Side 1: Can We Know God? No.
My notes here are largely based on the views of Maimonides as presented at length in his Guide for the Perplexed. I realize Maimonides is not a voice within the Christian tradition. (I do not know to what extent the view that "You cannot know God" is within the Christian tradition. If I gain more insight into that, another post could address that.) Maimonides came from a Jewish background but had a viewpoint that was at times more based on Aristotle and the philosophers than on Moses. His basic arguments for God's unknowability are:
- God is not comparable to us or to anything in creation in any true sense.
- His essence is beyond our direct knowledge and beyond our comprehension.
- God does not have attributes, as attributes would make him subject to accident, potentiality, divisibility, and all kinds of imperfection.
- Since we do not know God, any positive statements about God are likely wrong.
- Even approximately-true positive statements may be offensive to God as falling so far short of the truth.
- God does not have relationships with creatures: he is not subject to outside influence.
- The closest we can come to a true understanding of God is negative knowledge, that is: knowing what God is not.
Side 2: Can We Know God: Yes.
My notes here are largely based on generally-accepted premises within Christianity. Specifically:
- When God made us in his image, there is some true comparability there -- not by our pretension but by God's grace, and not of the type that puts us on the level of God, but of the type that can make understanding possible.
- God has spoken in many and various ways through the prophets of old, so that it is not necessary for us to pierce through the mysteries of eternity in order to know something true of him.
- God has established covenant relationships with his people, so that it is possible for us to relate to him in predictable ways, not based on any outside influence we might have over God but based on his freely given promise.
- God has revealed himself more directly in Jesus of Nazareth, with the character of the Divine Being in human form.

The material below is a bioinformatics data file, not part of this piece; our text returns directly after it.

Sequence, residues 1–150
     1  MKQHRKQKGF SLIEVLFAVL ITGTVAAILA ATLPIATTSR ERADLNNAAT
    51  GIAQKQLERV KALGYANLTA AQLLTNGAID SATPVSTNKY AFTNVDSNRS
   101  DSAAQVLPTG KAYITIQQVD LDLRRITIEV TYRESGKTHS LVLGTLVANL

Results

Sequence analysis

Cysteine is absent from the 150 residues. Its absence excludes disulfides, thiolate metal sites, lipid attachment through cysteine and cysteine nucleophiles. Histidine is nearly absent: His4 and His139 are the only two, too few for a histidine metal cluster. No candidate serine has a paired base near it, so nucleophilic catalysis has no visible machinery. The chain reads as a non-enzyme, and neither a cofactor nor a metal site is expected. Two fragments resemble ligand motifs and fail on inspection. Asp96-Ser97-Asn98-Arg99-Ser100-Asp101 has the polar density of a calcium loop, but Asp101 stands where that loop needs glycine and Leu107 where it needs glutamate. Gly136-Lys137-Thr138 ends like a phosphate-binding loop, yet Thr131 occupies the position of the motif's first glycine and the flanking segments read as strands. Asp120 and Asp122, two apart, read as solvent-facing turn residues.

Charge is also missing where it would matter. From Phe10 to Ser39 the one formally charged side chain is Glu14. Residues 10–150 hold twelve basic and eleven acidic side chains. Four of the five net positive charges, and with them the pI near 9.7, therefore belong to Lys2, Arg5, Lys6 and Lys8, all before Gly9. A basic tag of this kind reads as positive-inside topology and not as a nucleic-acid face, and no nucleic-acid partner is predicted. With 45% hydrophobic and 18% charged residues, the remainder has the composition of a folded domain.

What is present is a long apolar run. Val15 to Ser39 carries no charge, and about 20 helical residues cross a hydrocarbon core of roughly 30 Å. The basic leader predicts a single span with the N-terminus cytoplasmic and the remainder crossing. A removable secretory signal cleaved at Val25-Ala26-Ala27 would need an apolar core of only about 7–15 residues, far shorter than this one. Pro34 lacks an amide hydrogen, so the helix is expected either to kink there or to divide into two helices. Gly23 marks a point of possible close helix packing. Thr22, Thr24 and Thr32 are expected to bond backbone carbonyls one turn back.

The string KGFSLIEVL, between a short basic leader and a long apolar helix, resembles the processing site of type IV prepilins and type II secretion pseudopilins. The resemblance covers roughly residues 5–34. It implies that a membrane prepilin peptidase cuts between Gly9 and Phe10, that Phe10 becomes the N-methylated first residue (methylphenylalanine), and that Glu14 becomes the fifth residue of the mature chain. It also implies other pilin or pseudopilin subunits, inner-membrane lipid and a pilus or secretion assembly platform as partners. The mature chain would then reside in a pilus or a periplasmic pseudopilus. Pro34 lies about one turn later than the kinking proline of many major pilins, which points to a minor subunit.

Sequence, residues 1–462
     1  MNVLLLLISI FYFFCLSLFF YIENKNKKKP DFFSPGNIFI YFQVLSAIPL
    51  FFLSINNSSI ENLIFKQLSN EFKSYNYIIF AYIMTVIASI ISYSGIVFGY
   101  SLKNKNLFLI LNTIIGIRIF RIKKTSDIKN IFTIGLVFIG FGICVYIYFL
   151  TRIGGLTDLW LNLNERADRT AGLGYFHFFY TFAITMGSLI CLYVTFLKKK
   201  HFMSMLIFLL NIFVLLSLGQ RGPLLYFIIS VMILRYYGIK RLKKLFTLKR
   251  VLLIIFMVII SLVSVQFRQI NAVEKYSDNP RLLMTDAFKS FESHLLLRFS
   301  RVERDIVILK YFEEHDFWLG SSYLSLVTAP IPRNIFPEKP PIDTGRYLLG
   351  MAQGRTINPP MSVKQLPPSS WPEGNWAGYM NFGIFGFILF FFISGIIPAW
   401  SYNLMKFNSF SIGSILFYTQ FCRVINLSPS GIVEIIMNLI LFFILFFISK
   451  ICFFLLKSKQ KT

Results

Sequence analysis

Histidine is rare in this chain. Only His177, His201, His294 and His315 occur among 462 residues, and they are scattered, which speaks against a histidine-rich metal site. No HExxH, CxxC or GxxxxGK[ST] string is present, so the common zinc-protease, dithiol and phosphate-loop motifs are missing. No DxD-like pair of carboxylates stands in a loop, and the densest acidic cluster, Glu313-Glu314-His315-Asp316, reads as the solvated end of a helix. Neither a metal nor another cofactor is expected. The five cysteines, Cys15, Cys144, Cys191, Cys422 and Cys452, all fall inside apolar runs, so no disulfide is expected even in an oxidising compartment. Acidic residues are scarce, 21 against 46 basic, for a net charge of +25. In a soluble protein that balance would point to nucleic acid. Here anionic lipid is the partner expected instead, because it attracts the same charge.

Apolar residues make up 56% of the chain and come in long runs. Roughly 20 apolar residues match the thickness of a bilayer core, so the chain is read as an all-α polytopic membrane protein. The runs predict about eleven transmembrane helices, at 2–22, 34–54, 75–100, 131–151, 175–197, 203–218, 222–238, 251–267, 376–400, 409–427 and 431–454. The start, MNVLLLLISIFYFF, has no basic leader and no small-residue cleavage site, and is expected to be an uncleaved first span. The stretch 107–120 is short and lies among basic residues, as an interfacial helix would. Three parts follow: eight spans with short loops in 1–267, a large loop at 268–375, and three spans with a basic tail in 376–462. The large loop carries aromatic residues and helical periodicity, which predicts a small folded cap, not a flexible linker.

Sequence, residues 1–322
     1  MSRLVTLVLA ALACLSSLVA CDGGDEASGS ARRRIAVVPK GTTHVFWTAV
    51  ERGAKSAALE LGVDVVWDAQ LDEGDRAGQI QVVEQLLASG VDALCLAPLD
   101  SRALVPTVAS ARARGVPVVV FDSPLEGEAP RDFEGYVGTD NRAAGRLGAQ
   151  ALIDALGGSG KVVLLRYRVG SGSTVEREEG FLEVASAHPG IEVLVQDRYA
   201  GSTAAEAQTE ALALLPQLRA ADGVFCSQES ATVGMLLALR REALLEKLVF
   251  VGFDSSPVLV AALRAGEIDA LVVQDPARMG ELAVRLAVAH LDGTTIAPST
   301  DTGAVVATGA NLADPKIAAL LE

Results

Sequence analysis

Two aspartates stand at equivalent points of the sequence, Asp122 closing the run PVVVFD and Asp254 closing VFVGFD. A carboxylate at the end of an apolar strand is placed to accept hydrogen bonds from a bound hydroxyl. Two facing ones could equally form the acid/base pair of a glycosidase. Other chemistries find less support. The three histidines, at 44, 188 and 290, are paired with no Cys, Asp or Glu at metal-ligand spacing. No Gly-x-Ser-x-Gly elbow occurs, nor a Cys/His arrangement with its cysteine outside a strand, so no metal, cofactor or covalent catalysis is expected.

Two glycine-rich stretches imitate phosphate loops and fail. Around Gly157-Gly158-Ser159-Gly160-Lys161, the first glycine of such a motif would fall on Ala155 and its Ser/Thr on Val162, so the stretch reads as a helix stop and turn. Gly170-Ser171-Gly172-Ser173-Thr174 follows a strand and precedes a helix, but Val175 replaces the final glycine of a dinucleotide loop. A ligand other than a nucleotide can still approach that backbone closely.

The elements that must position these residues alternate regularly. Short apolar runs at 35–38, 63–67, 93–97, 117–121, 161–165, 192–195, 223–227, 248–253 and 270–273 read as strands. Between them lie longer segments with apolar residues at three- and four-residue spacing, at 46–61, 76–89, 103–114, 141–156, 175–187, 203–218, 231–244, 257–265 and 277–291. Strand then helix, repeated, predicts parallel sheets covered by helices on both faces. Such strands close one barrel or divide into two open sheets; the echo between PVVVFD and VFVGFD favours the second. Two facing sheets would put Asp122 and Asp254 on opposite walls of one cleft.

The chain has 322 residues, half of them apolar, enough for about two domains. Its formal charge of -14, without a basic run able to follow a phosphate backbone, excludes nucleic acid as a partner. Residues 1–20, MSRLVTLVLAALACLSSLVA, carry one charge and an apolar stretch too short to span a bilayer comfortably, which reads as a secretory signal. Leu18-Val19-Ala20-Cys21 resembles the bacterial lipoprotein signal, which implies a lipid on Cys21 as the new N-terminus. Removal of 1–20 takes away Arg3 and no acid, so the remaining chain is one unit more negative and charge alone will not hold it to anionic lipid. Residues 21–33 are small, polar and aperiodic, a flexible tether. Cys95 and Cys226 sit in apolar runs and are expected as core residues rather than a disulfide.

- God has sent his Holy Spirit, to live within us and guide us.
General Comment on the Controversy
The writings of Maimonides about the unknowability of God are sterile: logical, but without humanity, without warmth, and without much relationship to this world. (This is something Maimonides would likely see as an asset, not a defect.) His view of God as unknowable has transferred its character onto his own writings. To an extent, the view that we cannot know God is a view that disowns Scripture as a guide. Or as Maimonides says, "The adherence to the literal sense of the Holy Writ is the source of all this error ..." (Guide for the Perplexed, closing notes of Section I: Chapter XLII, where specifically he may have had in mind "errors" such as thinking that God has attributes.) Or as Pascal, a leading Christian philosopher, noted: "The God of Abraham, Isaac, and Jacob is not the God of the philosophers."
From a logical point of view, Maimonides' arguments sometimes run along these lines:
- A comparison between us and God will at some point fail because God is so far beyond us.
- Therefore the comparison is false.
- Therefore the comparison should be discounted entirely.
A view of God shapes our view of everything else. If we suppose that God does not give much value to this world, then neither do we. If we suppose that God does not give much value to people, again, neither do we. If we believe that God himself values kindness and compassion -- even love -- it gives us a very different view of the world. At the ultimate end of a view like that, we find the idea that our eternal fate may rest on seeing someone thirsty and giving them a drink. The idea that God is unknowable is based to some extent on the premise that he is indifferent to the world and its people, and that to be otherwise would be a defect. Those of us who follow Jesus have a very different view of what would be a defect in God.